And that helped because they always support whatever I presented at the Senate. Sometimes they purposely came to those meetings just to give me the necessary support. I remember with gratitude- Professors I. A. Adalemo, Siyan Tomori, Abiola Ojo, Dokun Adeyemi, Isaac Agbede, and others too numerous to mention. I was their ward and mentee. My project was like their project; they wanted to see me succeed. I owe them gratitude for a successful outcome as Vice-Chancellor at the University of Lagos.
Lesson 5: Family/parenting
My children are all grown up now and they are very supportive. When they were young, they told me that once I was getting home they quickly went and got everything in place because they didn’t want me to be upset with them.
I hardly give corporal punishment because it was unnecessary. My wife did an excellent job raising up those children. I pray that they will be luckier raising their own families. We communicate always and attend church together on Sundays to be followed with an Ice Cream Eat-Out. I tried to find out what they were doing in school, and I respected their teachers.
I think we must earn that respect. In other words, I believe I earned my respect from them. They know that if there are issues, I will listen to them.
However, I don’t think we should just allow our children to do just what they like at all times. One of my children was an expert in Nintendo Computerised game. He had very high scores. At a time we noticed that even when he was asleep, he was playing the Nintendo. What is that supposed to be? I asked. We then decided to take the Nintendo away from his reach, so the time for school was cleared off the Nintendo and that discipline worked!
You must remove the potential for distraction for your children, you need to do that. It may be tough, but you must take that decision.
As for my wife, she is a friend. She understands me very well and she knows what I like. So, it has been a very blissful and productive marriage. We thank the Lord for these blessings.
Lesson 6: Money/ investment.
“Money will never be enough”
When it comes to the issue of money, you must have contentment. The problem with money is that it will never be enough. I have learnt that money will never be enough. If you are first contented and you do your work well, money will come, you will never lack.
That’s my experience. I’ve never been lacking; the Lord provides bountifully. I have never lacked what I need and want. Intervention will always come from somewhere. Things that impress me are very simple. If you ask me, what I have enjoyed most as a teacher, you won’t believe it, just little courtesies from people that passed through me as students.
That’s all I need. I believe in the idiom ‘To teach is to touch a life forever.’ It is not that I want to buy a skyscraper in Ikoyi or all my friends now have houses on Banana Island and so I will like to have one. No. God has blessed me sufficiently in my own way.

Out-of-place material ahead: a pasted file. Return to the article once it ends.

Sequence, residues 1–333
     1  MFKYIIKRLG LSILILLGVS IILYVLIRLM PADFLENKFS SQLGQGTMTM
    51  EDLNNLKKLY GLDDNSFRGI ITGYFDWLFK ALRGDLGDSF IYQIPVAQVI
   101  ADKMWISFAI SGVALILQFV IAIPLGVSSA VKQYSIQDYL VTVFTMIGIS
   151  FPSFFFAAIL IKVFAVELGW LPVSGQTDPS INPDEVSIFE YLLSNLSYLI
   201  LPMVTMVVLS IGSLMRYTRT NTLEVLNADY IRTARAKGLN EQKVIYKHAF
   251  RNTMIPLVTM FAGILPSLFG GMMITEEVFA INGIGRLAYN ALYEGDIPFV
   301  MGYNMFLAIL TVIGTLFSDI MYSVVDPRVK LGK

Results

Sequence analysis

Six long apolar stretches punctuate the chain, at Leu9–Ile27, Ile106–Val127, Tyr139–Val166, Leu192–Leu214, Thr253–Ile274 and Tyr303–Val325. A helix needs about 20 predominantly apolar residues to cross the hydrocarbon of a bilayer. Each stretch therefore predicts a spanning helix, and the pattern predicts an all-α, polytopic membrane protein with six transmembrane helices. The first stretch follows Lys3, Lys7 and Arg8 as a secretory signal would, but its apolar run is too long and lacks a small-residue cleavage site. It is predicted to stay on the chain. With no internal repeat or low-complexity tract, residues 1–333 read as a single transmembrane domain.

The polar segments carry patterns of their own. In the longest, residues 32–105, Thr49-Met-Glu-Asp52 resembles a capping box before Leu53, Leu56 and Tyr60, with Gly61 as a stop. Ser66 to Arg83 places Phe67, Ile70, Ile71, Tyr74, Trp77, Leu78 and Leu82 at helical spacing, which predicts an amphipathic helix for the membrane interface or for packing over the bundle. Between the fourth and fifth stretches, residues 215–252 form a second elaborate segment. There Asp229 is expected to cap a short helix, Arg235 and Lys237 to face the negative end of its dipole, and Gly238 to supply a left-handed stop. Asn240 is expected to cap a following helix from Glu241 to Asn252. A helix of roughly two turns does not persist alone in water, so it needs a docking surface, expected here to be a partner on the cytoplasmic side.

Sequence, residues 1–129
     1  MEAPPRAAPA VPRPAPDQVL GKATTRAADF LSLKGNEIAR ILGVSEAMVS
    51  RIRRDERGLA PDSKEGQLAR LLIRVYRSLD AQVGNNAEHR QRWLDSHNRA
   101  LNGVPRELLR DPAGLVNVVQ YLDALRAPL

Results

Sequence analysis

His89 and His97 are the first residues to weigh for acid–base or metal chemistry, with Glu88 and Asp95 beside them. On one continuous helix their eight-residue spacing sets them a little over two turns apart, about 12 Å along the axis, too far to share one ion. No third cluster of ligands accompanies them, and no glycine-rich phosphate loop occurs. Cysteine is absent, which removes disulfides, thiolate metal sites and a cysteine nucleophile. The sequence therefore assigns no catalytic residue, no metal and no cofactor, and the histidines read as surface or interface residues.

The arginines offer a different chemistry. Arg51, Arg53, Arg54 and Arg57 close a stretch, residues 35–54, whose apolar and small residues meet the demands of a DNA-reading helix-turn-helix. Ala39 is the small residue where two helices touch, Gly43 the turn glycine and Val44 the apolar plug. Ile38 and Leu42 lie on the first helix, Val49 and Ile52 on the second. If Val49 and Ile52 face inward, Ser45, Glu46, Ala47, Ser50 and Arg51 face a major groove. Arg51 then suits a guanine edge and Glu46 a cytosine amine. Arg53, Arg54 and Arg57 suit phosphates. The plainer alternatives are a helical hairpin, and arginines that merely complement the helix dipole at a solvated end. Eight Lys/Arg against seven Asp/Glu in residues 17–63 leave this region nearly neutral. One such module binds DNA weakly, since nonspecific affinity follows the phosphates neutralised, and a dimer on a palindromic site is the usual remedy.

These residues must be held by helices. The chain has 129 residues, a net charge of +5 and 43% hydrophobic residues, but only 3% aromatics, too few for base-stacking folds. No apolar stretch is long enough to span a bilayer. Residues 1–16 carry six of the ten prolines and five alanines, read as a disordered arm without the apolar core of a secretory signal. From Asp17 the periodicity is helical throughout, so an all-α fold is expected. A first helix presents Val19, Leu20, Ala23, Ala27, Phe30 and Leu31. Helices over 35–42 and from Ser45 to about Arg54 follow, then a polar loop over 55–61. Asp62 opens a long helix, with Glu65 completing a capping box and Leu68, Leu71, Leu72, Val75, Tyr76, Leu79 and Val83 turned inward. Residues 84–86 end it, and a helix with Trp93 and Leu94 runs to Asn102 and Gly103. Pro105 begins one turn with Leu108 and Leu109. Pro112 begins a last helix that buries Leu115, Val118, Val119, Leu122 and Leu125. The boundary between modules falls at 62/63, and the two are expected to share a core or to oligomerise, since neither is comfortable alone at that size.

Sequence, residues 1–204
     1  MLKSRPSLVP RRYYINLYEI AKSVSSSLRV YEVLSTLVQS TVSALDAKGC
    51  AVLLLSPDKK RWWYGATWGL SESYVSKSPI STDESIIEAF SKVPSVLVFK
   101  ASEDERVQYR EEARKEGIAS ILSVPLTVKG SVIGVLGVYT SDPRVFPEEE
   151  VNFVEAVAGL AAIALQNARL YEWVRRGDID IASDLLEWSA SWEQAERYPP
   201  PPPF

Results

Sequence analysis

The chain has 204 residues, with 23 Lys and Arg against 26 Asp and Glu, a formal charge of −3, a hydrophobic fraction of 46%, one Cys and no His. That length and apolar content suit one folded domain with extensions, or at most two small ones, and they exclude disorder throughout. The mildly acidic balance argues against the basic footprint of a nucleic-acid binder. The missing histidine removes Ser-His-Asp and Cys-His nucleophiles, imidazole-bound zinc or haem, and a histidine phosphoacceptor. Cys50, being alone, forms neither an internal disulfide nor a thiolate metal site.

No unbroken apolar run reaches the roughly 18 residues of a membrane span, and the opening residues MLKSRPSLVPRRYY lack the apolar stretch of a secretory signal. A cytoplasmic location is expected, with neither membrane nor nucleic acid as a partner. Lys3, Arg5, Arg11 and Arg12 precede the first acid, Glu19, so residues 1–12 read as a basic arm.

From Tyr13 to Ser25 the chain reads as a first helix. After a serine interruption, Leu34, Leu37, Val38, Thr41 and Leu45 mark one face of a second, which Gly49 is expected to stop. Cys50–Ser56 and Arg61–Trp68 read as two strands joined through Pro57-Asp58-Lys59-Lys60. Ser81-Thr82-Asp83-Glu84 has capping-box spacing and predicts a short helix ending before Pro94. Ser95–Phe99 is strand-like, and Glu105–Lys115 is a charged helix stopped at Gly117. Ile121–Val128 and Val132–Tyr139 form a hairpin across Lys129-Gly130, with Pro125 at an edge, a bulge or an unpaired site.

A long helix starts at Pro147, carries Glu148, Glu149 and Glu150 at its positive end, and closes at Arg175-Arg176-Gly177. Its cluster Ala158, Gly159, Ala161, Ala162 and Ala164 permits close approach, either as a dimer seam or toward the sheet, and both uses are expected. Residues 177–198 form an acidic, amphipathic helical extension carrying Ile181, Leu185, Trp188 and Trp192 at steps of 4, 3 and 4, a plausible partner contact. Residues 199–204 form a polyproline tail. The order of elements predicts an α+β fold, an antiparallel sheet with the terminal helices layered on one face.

So I have that satisfaction. I also have that believe that if you do what you are doing very well, you will never lack. For me wealth means the ability to live well, not living extravagantly. Wealth is not cash.
Lesson 7: SPIRITUALITY
“God controls everything.”
For me God is central to everything I do. He is that unseen hand controlling and directing everything I do. Sometimes we don’t know why or how things just happen. Everything that has happened to me and all the things I have received, I believe God preplanned them.
You see the reason why we have to continue to thank God be that since we don’t know the nature of God, we don’t want him to change his mind about his original plan for us which must have been excellent. Look at the human body that is working very well. If God just looks somewhere else and malaria deals with you, you will understand what God is doing for you.
I believe there is heaven, but bad people, before they get to heaven, they will suffer on earth.
➢ The Bible
➢ Autobiographies like those of Awolowo, Ahmadu Bello, Nnamdi Azikiwe, Obasanjo, and of course, regular persons who are not poli
➢ A publication that challenges DNA, a brief history of human kind and The Emperor’s New Mind, etc.
➢ Mind and Body.
The advice I got from my parents to marry my wife. That was a good advice that has really worked for me.
They chose her because they understood her parentage and her background is good.
The other one is the advice and encouragement I got from my teachers including Mrs. Bruce at my Primary School, Professor Saburi Biobaku, the Vice-Chancellor when I graduated to go and do postgraduate studies, Professor T. P. Prasad, Professor Akinkugbe, et al., that greatly helped me to advance in my profession.
My health is very good. I do exercise every Monday, Wednesday and Friday. Of course, that does not mean I don’t use your regular drugs to keep ‘aging’ at bay for as long as possible. But most importantly, my wife has been of tremendous help. I am a happy man; she gives me joy.
ONE MESSAGE TO THE PRESIDENT
Scrap the quota system and Federal Character. They stifle creativity.